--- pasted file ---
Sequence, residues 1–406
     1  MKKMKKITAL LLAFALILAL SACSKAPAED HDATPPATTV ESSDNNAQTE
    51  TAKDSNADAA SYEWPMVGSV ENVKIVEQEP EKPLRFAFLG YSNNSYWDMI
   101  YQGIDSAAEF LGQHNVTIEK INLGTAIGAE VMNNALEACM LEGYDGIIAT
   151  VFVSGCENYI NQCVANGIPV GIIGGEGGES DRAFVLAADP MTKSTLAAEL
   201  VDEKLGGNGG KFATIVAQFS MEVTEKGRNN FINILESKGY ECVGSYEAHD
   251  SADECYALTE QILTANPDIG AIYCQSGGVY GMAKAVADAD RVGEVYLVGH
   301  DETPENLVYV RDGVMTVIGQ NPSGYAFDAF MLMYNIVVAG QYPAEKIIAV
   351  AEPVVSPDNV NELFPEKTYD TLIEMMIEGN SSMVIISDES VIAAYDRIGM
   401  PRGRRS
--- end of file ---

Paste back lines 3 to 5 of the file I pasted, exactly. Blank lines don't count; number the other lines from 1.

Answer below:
    51  TAKDSNADAA SYEWPMVGSV ENVKIVEQEP EKPLRFAFLG YSNNSYWDMI
   101  YQGIDSAAEF LGQHNVTIEK INLGTAIGAE VMNNALEACM LEGYDGIIAT
   151  VFVSGCENYI NQCVANGIPV GIIGGEGGES DRAFVLAADP MTKSTLAAEL